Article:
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The General Theory of Employment, Interest and Money Paperback – June 7, 2009
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As a non-economist, I was struck by several things. First was Keynes' demolition of "classical" economic theory on the means of increasing employment, political economy, and the relationship of supply to demand. (Think Say, Malthus, and especially Ricardo and Pigou.) This was totally unexpected, but given the revolutionary nature of his argument, entirely understandable. Second, I was stuck by the way in which Keynes structures his theory - it was much more reminiscent of philosophy than economics, as the terms Keynes uses are first clearly defined and deliniated before the relationship between ideas (and his postulates on the cause and effect between them) is discussed. Lastly, I was pleasantly suprised by the wit and cleverness of his writing.
That said, I found it difficult reading, primarily because I am not fluent with many of the concepts Keynes discusses (the "elaasticity of effective demand" as it relates to the Quantity Theory of Money for example). WIth patience, plenty of revisiting the definitions of economic terms and careful deliberate thought, I was able to follow the gist of Keynes' General Theory. It made for slow going. Whether you agree (or not) with Keynes' theories have become as much a political exercise as an economic one, and are waters I'd rather not wade into here. In terms of the merits of the book, for the lay reader, you really have to want it to wade through it - it may be suprising at how poorly represented Keynes' ideas are represented in the popular imagination (for example, that Keynes supported deficit finance). That alone an incentive for giving _The General Theory_ a try.
Most educated Americans know something of John Maynard Keynes, the great British economist whose hugely influential work “T"The General Theory of Employment, Interest and Money", strongly influenced economic theory and practice during the last half of the twentieth century, particularly with regard to the role of government in stimulating and regulating a nation's’s economic life. Nevertheless it remains true that almost all of the "intelligentsia" in general, and most economists in particular, have never read the book, despite the fact that it is readily available in today’s mega-bookstores such as of course, Amazon.com (at a reasonable price and) in a good quality paperback.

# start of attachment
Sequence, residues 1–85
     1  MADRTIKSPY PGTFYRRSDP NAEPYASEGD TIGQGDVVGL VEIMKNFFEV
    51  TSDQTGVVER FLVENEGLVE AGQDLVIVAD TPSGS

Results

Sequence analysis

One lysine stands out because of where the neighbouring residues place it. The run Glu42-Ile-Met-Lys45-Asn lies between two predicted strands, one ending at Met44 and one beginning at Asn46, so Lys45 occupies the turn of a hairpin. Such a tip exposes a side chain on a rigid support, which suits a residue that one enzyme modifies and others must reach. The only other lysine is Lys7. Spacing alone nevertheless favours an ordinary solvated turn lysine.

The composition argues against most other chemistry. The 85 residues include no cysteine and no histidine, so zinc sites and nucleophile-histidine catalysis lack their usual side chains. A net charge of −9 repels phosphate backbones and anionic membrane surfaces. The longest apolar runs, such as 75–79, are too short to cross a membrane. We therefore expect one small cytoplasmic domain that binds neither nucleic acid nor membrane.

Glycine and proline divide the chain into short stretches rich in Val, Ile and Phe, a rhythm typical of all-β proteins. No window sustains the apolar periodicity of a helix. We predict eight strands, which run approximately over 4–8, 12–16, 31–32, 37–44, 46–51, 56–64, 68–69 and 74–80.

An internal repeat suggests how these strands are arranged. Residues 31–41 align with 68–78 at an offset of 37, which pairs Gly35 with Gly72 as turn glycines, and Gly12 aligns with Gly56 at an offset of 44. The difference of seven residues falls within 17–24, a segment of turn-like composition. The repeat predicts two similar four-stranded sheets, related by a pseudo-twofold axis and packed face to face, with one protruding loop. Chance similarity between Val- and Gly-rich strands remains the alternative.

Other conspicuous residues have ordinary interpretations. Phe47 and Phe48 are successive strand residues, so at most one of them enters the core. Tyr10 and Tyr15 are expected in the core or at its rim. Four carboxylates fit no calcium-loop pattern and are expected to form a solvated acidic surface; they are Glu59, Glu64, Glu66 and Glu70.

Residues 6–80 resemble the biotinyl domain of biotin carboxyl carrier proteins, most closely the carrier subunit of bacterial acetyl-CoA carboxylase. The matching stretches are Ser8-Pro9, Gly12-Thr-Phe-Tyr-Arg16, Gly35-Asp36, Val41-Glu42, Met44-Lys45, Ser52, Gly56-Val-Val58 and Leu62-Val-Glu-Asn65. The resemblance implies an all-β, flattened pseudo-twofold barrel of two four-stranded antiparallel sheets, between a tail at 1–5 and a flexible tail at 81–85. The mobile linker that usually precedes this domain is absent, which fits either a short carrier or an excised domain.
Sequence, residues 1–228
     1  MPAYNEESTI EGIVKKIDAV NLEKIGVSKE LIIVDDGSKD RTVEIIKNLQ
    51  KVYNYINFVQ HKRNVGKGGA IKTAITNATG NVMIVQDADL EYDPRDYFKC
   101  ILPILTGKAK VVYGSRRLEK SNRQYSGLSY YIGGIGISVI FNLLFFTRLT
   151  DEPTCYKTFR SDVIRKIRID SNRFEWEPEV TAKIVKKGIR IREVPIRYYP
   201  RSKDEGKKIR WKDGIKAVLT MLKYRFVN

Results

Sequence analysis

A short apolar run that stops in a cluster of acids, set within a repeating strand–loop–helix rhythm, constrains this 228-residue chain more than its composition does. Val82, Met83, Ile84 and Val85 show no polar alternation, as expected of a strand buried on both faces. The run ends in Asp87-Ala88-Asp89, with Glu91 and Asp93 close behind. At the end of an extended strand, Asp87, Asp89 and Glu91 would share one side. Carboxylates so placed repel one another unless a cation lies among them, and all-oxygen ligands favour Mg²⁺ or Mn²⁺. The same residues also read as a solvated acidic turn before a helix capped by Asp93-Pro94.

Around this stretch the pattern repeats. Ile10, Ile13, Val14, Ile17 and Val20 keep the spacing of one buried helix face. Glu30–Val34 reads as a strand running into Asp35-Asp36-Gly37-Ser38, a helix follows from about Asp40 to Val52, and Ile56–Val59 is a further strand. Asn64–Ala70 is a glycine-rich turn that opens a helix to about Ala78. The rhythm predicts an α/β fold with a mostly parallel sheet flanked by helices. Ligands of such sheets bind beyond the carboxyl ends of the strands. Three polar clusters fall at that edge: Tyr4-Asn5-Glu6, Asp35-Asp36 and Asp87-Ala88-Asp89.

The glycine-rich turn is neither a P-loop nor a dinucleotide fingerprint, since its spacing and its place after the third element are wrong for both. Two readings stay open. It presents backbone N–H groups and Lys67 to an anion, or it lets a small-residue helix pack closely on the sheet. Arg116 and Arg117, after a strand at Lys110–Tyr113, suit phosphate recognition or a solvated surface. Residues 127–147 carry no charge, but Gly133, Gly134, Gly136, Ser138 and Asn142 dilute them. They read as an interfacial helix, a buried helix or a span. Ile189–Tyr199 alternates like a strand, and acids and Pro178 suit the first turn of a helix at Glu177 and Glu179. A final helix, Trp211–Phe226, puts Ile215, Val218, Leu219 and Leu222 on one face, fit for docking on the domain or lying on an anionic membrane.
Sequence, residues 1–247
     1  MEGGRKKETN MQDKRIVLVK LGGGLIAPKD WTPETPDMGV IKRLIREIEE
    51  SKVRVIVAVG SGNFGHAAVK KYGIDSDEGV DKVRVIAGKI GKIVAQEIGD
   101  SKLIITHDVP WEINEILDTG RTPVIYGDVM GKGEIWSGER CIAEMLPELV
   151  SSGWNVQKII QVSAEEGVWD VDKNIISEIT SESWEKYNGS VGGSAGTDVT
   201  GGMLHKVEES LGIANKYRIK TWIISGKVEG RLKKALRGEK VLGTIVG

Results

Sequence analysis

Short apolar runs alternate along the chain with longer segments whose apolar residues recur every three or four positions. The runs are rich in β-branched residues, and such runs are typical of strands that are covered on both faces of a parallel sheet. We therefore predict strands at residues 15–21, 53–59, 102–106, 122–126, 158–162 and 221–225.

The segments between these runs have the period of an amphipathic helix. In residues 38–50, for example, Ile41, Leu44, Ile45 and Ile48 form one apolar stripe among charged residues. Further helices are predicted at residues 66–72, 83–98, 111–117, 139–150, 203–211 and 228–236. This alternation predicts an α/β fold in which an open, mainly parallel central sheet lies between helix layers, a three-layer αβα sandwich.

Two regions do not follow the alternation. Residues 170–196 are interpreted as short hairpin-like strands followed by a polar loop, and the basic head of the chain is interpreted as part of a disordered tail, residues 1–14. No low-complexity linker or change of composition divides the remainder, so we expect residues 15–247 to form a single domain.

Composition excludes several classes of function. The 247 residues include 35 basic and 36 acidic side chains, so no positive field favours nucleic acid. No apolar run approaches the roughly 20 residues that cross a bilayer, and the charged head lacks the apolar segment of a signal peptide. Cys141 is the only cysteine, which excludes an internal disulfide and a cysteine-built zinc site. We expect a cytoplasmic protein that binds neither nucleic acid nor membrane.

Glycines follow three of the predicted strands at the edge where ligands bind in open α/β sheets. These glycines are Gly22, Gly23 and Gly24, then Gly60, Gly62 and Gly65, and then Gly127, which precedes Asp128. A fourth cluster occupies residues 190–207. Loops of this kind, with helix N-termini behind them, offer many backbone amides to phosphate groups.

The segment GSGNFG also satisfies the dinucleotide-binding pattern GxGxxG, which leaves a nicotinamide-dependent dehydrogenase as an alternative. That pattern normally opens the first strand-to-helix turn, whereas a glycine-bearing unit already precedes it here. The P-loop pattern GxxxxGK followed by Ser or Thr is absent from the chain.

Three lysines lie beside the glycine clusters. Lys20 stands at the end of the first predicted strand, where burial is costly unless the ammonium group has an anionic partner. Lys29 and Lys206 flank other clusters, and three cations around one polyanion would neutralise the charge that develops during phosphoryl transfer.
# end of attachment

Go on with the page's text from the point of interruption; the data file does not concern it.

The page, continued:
Indeed, by a curious twist, the people who seem most to have made some attempt to read Keynes' oeuvre are those who appear most outraged by it and determined to revile it. If one is skeptical about this, (read the reviews), where veritable "frothing at the mouth" denunciations seem to dominate. These would hardly be worth reading except for the mindset they reveal, which goes far toward illuminating some of the attitudes of the 1930's otherwise inexplicable at the beginning of the twenty-first century. Their very virulence convinces one that Keynes was clearly on to something; if an author enrages half the world he must be at least half right.
Keynes detractors are right about one thing: "General Theory..." is a tough read, though not for some of the reasons they indicate. Keynes actually uses very little mathematics, the alleged prevalence of which is one of the points usually cited in criticism.Read more ›
After seeing the amount of vitriol hurled at this book I wondered for a second if I have somehow misunderstood it, or carelessly missed a passage in which Keynes urged us to kill babies. No, John Maynard Keynes did not kill babies, nor was he as such disproved (merely disagreed with).
The abuse showered upon him is a clear and unfortunate evidence of the ideological division between (politically) liberal and conservative approach to economics, which in itself is not an exact or precise science (some would say it is not even a science) and lacks sufficient rigor to have anything beyond trivial proved or disproved (I, personally, prefer the phrasing along the lines of "convincingly demonstrate") within its framework. With all this in mind economics quite often provides ample room for opposing views, especially when views are not directly conflicting, except when viewed through polarizing lens of ideology.
The "conservative" economists along the lines of Friedman and Hayek, so frequently mentioned as anti-thesis of Keynes preached (in my gross simplification) free markets and government non-intervention, which while a valid perspective hardly merits a nearly religious fervor.
Keynes, or any other sensible theoretical economist, would agree that free-markets are a good idea in principle, which is seldom if ever realized.Read more ›
Most Recent Customer Reviews
The paper back Stellar Editions is a large format, very small print, and has no footnotes.
The "Look inside" is deceiving, I don't know why they use that... Read more
Large format, small type edition. It's physically flexible and more than adequate for research, study and general interest reading. Read morePublished 1 month ago by Amazon Customer
Good Book. Good Price. Don't know enough about Keynes to say more, but he seems a very interesting and accomplished fellow, who is apparently a mathematician and not an economist... Read morePublished 2 months ago by LaFleur
Great book which I will use in my college classes as a professor.Published 2 months ago by Amazon Customer
I love John Maynard Keynes and his economic theories Bloomsbury circle was superinteresting!Published 3 months ago by Robert